Fraser Health says an outbreak of H1N1 flu has sent over a dozen people into intensive care in Lower Mainland hospitals. Officials say that H1N1 flu vaccines are effective but previous vaccinations against H1N1, which many people sought in 2009, may not help anymore due to mutations in the virus. CBC
At least 20 people in B.C. are in intensive care, some of them on ventilators, because of the H1N1 flu virus, according to the chief medical officer for a B.C. Lower Mainland health authority.
Dr. Paul Van Buynder, with Fraser Health, said Friday that 15 patients, many of them otherwise healthy, young people, were recently admitted to intensive care units in hospitals in the region. By Sunday he added five more to the total for those in intensive care in B.C., where at least 40 people have been hospitalized due to H1N1 influenza this season.
"It is a lot for us at this particular time, especially because there is not a lot of circulating disease in the community at this point, and so we're worried that this has happened to so many people so quickly," he said.
He said the ages of the patients turning up with H1N1 flu span the spectrum, and include those in their 30s. He also said at least one of the patients is pregnant, and also that one person may have died from this flu strain.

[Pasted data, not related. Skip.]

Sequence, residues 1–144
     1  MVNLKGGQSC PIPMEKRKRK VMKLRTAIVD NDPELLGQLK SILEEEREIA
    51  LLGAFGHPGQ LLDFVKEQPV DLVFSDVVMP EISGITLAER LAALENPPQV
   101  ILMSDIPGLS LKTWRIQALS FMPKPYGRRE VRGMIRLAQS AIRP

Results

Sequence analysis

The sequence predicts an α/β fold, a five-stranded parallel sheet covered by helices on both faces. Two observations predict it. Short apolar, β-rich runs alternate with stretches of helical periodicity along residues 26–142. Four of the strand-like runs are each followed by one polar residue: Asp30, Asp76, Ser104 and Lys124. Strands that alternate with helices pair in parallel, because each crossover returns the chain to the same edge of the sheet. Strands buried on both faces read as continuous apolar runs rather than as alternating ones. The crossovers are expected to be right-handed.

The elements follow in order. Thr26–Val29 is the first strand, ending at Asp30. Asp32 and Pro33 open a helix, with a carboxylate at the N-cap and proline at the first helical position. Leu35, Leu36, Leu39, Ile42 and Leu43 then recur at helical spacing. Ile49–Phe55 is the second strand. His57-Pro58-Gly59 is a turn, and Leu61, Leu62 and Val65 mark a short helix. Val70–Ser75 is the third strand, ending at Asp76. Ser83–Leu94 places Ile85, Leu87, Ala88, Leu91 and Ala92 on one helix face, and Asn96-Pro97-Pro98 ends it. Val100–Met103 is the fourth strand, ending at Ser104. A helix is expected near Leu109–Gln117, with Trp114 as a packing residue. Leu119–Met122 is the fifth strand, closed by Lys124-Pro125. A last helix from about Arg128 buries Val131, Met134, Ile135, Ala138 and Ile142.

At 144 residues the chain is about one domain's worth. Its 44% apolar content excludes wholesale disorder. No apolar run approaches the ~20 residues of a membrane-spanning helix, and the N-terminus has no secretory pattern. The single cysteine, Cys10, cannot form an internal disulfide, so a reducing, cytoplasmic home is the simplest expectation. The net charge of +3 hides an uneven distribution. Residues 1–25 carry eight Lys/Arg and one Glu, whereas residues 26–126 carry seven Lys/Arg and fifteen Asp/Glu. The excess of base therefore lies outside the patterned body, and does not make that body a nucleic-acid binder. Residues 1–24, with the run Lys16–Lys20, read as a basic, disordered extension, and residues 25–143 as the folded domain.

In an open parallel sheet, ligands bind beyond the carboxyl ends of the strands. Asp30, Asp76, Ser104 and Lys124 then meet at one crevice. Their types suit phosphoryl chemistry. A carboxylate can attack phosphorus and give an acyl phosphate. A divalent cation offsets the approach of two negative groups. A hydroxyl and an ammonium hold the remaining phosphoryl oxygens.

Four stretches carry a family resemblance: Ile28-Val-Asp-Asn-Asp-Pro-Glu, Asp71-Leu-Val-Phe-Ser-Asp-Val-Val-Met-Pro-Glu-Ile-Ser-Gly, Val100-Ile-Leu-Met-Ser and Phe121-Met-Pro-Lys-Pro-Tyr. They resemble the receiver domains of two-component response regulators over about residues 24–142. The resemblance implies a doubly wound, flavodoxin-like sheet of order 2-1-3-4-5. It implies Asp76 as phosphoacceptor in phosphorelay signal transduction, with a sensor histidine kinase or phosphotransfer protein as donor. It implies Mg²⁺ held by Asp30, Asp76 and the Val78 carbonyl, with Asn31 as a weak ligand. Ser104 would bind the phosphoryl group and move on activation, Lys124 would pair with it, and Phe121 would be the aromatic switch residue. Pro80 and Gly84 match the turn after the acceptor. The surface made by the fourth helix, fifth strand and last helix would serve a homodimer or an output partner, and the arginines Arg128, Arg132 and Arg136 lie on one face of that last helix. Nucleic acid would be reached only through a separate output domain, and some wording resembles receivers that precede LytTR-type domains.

"I have one person who hasn't been confirmed, but I'm pretty sure did pass away from this," Van Buynder told CBC News.
Van Buynder said medical officials are seeing small pockets of H1N1 breaking out across the region, in a pattern mirroring the flu's spread in Alberta, Ontario and Texas.
Alberta's Health Minister Fred Horne said last week that there have been 965 lab-confirmed cases, another 251 people have been hospitalized due to influenza and five people have died so far this flu season. In Ontario, six people are believed to have died from H1N1 influenza, and three have died from the virus in Saskatchewan.
- More: Alberta flu cases spike, 5 deaths confirmed
Van Buynder said the number of flu cases in B.C. is rising but the numbers are not unusual. However, people should still take precautions, he said.
"People should always be concerned about influenza in winter. It does kill people. It makes people very ill," he said.
"Even those people who don't end up hospitalized are often off work for five to seven days. If they're not off work, they're spreading it in the workplace, so you know, it's an important disease, and we can protect against it and I think that's the important message," he said.
The H1N1 flu outbreak of 2009, which the World Health Organization declared a global pandemic, prompted mass immunizations across Canada.
Van Buynder said to help protect vulnerable patients, anyone visiting a hospital or health facility in B.C. will either need to wear a mask, or be vaccinated against the flu — and he said that previous vaccinations against H1N1 may not help anymore due to mutations in the virus.
"Certainly we don't think everybody should be reassured by previously being vaccinated, and we'd like them to make sure that they go out and get it again," he said.
Fraser Health serves more than 1.6 million people from Burnaby to Hope, to Boston Bar.
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